Banks and investment and asset management firms are ramping up their hiring of client relationship managers in private banking and wealth management. "There was a definite pickup in the 4th quarter of 2010 on the institutional and retail side," says James L. Langan III, partner and manager of the investment and financial services division of staffing firm Winter Wyman. He expects hiring to expand in 2011.
Hiring is also particularly strong at regional and global banks in Singapore and Hong Kong. Barclays recently announced expansion of its private banking practice in the region. If you have relevant regional or global banking expertise and knowledge of the local language, then you're a hot property abroad.
Relationship managers and associates are "important behind-the-scenes personnel," says Langan. "They take ownership of client issues and get the problems solved," he says. They're expected to manage the book of current clients, as well as develop new customer relationships. The job requires someone to have natural sales and marketing skills.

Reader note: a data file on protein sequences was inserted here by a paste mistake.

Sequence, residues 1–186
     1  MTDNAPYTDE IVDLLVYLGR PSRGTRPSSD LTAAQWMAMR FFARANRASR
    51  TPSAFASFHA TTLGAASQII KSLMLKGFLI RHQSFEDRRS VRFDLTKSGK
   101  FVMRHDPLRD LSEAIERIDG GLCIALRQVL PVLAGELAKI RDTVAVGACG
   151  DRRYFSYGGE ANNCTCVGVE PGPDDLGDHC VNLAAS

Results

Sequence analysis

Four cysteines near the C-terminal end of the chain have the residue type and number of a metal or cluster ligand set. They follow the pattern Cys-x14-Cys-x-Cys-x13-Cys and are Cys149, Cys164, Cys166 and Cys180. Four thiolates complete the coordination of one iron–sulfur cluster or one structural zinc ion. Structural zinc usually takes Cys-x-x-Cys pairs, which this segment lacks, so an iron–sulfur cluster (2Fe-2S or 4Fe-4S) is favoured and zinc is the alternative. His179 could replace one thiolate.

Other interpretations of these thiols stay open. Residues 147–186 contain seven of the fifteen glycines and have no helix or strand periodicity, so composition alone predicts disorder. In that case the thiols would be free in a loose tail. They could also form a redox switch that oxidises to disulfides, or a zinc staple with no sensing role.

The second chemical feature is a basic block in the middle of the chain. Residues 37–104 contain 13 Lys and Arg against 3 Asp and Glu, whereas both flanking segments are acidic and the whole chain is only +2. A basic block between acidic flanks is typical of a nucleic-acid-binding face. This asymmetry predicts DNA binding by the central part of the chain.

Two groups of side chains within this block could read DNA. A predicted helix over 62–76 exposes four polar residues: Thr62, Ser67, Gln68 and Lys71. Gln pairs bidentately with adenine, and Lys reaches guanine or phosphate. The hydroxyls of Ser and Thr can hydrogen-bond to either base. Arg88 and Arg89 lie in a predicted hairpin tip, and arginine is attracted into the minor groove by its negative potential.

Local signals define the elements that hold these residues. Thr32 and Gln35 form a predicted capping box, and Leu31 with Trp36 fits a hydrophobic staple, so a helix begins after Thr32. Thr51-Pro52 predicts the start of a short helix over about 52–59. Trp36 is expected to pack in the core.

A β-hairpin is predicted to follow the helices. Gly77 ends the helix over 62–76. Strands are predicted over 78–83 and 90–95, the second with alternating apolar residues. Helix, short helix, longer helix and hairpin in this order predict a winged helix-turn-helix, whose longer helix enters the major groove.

What You Need to Know
Client relationship managers and associates also need to know about investment products, investment strategies, and complex financial issues. Some investment firms and banks will require Series 7 and 66 licenses. Series 6 and Series 63 are also preferred. Stateside, word is hiring's going on at a number of regional banks, as well as at PNC Bank, the Vanguard Group, JPMorgan, and Credit Suisse.
Many investment firms use a number of titles to describe the same job functions, Langan notes, so can be hard to tell the pecking order without looking at job requirements and duties. Some might call junior staff by the title of portfolio relationship or wealth management associate.
One bank might have a manager and then an associate under them, while another could have a senior manager and a manager in the spot below. For those with three to seven years of experience, pay can range anywhere from $60,000 to $110,000, Langan says.